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rural economy: COVID-19 reveals the ramifications of the dichotomy in the urban-rural economy

The outbreak of the COVID-19 pandemic has brought about a profound structural change in the Indian economy. During its first wave, India’s rural economy showed exceptional resilience to the effects of the pandemic, in stark contrast to the situation faced by its urban counterpart; and it soon became clear that during the first wave there was a two-speed economy in which one sector flourished while the other struggled to keep up.

With farming activities exempt from COVID-19 restrictions, farming and related activities continued unhindered, allowing the rural economy to thrive. In fact, the sector grew by 3.6 percent over the 2020-21 period; mainly due to increased rural consumption, a stable monsoon season, improved availability of irrigation canals and t – water systems, and increased government spending on welfare programs to strengthen agriculture and related sectors. Meanwhile, the institutions have been directed to step up their grain procurement efforts, bringing the country’s total food grain production to a record 305.44 million tons, up 2.66 percent from the previous year.

Traditionally, the rural economy is the bedrock of India’s economic growth, with two-thirds of the population and 70 percent of the workforce living in rural areas and the rural economy generating almost 46 percent of national income. In times of economic hardship, agriculture and allied sectors have been able to absorb the surplus of labor released in the market.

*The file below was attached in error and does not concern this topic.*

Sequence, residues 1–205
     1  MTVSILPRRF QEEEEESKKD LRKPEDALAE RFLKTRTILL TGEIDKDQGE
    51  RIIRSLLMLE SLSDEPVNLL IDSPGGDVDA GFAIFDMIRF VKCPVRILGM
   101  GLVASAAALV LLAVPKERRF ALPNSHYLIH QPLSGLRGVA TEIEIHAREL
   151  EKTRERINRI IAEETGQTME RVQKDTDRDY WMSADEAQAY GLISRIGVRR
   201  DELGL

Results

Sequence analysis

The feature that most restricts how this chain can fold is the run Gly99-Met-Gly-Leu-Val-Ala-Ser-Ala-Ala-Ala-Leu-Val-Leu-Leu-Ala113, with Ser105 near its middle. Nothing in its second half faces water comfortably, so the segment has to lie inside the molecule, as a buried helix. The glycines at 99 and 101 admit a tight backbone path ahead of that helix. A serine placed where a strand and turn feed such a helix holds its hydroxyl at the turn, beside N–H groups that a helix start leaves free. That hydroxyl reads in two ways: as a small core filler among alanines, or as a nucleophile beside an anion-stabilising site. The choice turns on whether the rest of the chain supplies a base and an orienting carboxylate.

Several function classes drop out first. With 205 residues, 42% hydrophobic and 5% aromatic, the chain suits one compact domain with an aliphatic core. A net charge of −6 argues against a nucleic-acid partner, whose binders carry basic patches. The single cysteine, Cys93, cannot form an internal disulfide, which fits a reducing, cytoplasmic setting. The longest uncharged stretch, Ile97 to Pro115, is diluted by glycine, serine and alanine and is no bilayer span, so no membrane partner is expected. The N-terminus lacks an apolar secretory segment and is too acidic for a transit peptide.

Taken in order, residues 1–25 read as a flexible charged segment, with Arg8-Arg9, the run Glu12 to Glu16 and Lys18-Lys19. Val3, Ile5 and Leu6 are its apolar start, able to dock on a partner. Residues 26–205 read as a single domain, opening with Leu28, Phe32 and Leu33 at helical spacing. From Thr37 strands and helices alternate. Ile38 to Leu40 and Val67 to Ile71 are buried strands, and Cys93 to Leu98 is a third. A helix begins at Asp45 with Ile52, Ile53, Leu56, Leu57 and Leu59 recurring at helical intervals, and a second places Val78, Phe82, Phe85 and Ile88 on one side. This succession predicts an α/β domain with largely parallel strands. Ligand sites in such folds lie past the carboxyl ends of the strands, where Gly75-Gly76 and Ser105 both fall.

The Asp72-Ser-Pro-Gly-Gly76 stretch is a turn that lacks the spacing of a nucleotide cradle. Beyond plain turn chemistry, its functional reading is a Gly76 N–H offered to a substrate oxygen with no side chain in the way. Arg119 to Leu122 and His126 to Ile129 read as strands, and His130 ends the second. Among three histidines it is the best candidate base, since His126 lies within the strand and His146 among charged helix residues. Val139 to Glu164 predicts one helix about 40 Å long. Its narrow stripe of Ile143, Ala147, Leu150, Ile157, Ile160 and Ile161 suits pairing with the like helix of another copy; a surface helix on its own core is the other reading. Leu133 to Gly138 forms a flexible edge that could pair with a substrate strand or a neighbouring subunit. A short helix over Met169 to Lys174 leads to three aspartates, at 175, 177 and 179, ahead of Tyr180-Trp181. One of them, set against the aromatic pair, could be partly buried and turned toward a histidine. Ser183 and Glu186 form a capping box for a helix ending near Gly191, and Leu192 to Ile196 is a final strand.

However, all of this took a turn when the second wave hit the country that year. The sector’s absorption c -acity for labor has reached its threshold, with monthly rural household unemployment rates reaching an all-time high of 10.63 percent in May 2021, changing significantly due to increased personal spending on health services. This was exacerbated by disruptions in remittances of millions of migrant workers to their home villages, which had a negative impact on rural consumption, growth and food security. Supply chain disruptions also negatively impacted sectors like FMCG, electronics, etc., which boomed in the first wave in rural India.

While steps to promote rural recreation have been critical to narrowing income inequalities and regional inequality, the localization of industries and jobs is the order of the day. In addition to providing improved access to credit in the agricultural and MSME sectors through direct transfers of services (DBTs), institutional factors and a robust governance framework also need to be developed for the effective implementation of these policies. A renewed focus on the use of technology in agriculture, promoting fintech, creating opportunities for self-employment and entrepreneurship, and building resilient value chains in rural and urban markets will go a long way towards making the economy more resilient to disasters in the future .

There is no doubt that the pandemic has pushed the rural economy further into a phase of massive technological upgrading, where e-commerce channels are developing, low-ticket electronic items are becoming indispensable, and cell phones are becoming household necessities for education and other purposes will. While it would have been easy to assume that the rural economy boom during the first wave would be enough to get India through the pandemic years, it is also clear that a balance needs to be struck between the rural and urban economies in order for the the economic revitalization of the country can be initiated in such a way that it is on the way to sustainable growth and development.

Nilachal Mishra is Partner and Head – Government Advisory and Health, Human & Social Services (HHSS) at KPMG in India.

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